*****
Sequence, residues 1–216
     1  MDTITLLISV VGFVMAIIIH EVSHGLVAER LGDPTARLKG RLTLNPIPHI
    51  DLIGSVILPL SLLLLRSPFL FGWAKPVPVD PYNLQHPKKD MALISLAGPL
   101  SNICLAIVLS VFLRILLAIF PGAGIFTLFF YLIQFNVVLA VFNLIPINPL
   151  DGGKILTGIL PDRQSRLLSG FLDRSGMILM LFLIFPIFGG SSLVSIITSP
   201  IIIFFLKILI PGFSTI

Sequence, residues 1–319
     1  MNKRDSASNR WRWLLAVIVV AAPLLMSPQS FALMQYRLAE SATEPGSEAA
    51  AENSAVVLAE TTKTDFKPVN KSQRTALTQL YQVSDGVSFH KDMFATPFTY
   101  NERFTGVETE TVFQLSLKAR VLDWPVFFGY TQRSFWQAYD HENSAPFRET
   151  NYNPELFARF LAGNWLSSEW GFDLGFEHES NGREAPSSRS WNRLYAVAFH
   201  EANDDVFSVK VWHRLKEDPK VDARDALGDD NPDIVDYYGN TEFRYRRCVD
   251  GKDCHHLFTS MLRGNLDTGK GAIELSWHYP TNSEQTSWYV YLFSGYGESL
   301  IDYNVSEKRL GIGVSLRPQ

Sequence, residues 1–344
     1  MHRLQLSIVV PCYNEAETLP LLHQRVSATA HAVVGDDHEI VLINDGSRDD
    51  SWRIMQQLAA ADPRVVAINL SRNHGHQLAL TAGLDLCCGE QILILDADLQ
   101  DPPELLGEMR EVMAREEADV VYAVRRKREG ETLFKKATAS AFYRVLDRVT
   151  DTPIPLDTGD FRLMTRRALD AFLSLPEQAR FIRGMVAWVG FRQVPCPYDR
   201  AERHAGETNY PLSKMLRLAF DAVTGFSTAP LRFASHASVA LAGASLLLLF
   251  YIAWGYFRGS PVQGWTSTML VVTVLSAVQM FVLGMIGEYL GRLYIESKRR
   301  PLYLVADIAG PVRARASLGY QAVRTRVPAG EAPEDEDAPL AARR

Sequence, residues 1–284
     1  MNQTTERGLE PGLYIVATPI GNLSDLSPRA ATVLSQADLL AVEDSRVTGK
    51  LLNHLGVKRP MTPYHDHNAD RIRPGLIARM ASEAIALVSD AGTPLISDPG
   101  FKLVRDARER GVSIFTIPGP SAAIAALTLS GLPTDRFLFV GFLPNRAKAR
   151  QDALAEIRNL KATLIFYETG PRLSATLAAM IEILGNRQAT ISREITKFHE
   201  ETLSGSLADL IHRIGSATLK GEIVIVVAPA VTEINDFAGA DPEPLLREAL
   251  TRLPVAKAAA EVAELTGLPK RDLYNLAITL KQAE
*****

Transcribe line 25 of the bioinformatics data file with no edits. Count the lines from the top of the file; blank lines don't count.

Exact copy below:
    51  LLNHLGVKRP MTPYHDHNAD RIRPGLIARM ASEAIALVSD AGTPLISDPG